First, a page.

You will be on the court, I hope, and you will use your best judgment on how to reconcile the 9th Circuit opinion. And I'm not asking you to tell us how you might rule, I'm making a personal observation that this is an example, in my opinion, of where judges do not protect us from having the government impose religion upon us, but declare war on all things religious.

And that is my personal view and opinion. That's why most Americans sometimes are dumbfounded about what's going on in the name of religion. No American wants the government to tell them how to worship, where to worship or if to worship. But when we exercise our right to worship, it bothers me greatly that judges, who are unelected, confused the concept between establishment and free exercise.

And I will move on.

I think it is one of the cases that is undermining the confidence in the judiciary. And I'm glad that you're sensitive to that.

The war on terror. In my past legal life, I've spent most of my legal career associated with the military. And I'm proud to be a military lawyer. I'm the only Reservist in the Senate. I sit as an Air Force Court of Criminal Appeals judge. I handle the easy cases, because I don't have a whole lot of time and I help where I can.

But I understand, I think, very well what it means to abide by the judicial canons of ethics -- not to tip your hand, not to compromise yourself to get promoted or to get put on the court; promoted in the military or to get put on the board; trying to please your boss, trying to please a senator.

And my respect for you has gone up because you're unwilling to compromise your ethics. And I hope the Senate will understand that, in the past, other people were not required to do so.

Are you familiar with the Geneva Convention?

ROBERTS: Yes, Senator.

GRAHAM: Do you believe that the Geneva Convention, as a body of law, that it has been good for America to be part of that convention?

ROBERTS: I do, yes.

GRAHAM: Why?

ROBERTS: Well, my understanding in general is it's an effort to bring civilized standards to conduct of war -- a generally uncivilized enterprise throughout history; an effort to bring some protection and regularity to prisoners of war in particular.

And I think that's a very important international effort.

GRAHAM: As Senator Kyl said, this will be the only time we get to talk. And I don't want to compromise your role as a judge, but I do want you to help me express some concepts here that America needs to be more understanding of.

And I want to work with my Democratic friends to see if we can find some way to deal with us.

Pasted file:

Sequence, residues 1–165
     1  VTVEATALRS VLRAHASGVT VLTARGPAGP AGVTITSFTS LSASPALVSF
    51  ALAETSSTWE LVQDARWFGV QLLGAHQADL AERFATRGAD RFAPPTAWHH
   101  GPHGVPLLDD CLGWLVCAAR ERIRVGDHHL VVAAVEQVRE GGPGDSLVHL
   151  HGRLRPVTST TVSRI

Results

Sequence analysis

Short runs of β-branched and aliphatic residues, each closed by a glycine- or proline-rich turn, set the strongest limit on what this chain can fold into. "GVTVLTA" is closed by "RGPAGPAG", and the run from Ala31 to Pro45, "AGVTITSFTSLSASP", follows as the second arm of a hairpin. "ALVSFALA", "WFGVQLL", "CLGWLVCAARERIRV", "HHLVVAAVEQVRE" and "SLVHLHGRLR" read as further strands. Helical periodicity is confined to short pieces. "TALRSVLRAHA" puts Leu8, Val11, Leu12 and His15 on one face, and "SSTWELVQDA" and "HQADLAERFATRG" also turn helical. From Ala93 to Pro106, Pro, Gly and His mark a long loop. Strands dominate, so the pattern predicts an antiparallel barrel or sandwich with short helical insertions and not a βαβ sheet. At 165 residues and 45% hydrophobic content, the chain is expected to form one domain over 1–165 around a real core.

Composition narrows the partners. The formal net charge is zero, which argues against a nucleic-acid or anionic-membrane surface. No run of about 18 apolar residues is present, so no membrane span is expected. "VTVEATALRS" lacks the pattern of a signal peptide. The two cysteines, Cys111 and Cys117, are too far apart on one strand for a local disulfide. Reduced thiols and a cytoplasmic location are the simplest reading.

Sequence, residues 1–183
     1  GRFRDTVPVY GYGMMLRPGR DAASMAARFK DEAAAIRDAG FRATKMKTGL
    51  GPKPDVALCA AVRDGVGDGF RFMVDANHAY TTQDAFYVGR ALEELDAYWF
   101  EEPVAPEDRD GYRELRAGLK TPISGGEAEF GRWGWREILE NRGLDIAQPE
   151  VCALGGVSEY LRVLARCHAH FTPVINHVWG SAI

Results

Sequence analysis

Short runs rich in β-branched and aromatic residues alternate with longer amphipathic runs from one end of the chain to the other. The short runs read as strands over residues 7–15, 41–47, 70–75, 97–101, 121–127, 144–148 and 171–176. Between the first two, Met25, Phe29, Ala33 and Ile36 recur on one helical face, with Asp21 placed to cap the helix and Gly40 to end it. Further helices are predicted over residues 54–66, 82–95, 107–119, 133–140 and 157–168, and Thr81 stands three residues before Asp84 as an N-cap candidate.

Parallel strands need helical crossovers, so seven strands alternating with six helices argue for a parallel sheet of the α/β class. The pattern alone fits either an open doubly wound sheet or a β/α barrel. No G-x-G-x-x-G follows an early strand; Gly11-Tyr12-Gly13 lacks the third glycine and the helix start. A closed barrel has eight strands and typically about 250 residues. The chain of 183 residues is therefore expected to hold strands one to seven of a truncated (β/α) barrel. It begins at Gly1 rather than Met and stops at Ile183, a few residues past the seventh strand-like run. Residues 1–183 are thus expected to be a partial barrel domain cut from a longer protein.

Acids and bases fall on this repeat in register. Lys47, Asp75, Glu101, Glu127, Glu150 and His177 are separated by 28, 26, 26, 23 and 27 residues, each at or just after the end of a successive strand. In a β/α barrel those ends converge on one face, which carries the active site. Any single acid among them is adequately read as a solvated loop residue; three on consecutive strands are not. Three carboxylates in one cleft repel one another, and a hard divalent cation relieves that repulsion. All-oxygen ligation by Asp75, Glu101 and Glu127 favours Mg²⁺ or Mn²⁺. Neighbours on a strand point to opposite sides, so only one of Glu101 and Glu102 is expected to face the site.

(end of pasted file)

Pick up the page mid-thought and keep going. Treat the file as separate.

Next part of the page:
We're dealing with an enemy that is not covered by the Geneva Convention. Al Qaida, by their very structure and nature, are not signatories to the Geneva Convention and are not covered under its dictates.

An enemy combatant: Are you familiar with that term in the law?

ROBERTS: Yes, Senator, I am.

GRAHAM: What would an enemy combatant be under American jurisprudence? Who would they be?

ROBERTS: Well, I really have...

GRAHAM: Fair enough. Fair enough.

ROBERTS: Those cases are both pending. The ones that I've decided are pending before the Supreme Court and those issues are likely to come before...

GRAHAM: Fair enough. The Geneva Convention doesn't cover Al Qaida, but or president has said that anyone in our charge, terrorist or not, will be treated humanely.

I applaud the president, because, in fighting the war on terror, we need not become our enemy. Our strength as a nation is believing in the rule of law, even for the worst of those that we may encounter.

I admire Mr. Adams for representing the Redcoats. I cannot imagine how tough that must have been. But his willingness to take on the unpopular cause in the name of the rule of law has made it stronger.

When the president said that we will treat everyone humanely, even the worst of the worst, I think he's brought out the best in who we are.

But we're in a war, Judge Roberts, where the Geneva Convention doesn't apply. And we have before the courts a line of cases dealing with the dilemma this country faces.

When you capture an enemy combatant, non-citizen, foreign terrorist, there's three things I think we must do. We must aggressively interrogate them without changing who we are. We must have the ability to keep them off the battlefield for a long period of time to protect our nation.

GRAHAM: And we must have a system to hold them accountable for some of the most horrible crimes imaginable.

Justice Jackson was of your favorite justices. Is that correct?

ROBERTS: I think that's a fair description, yes.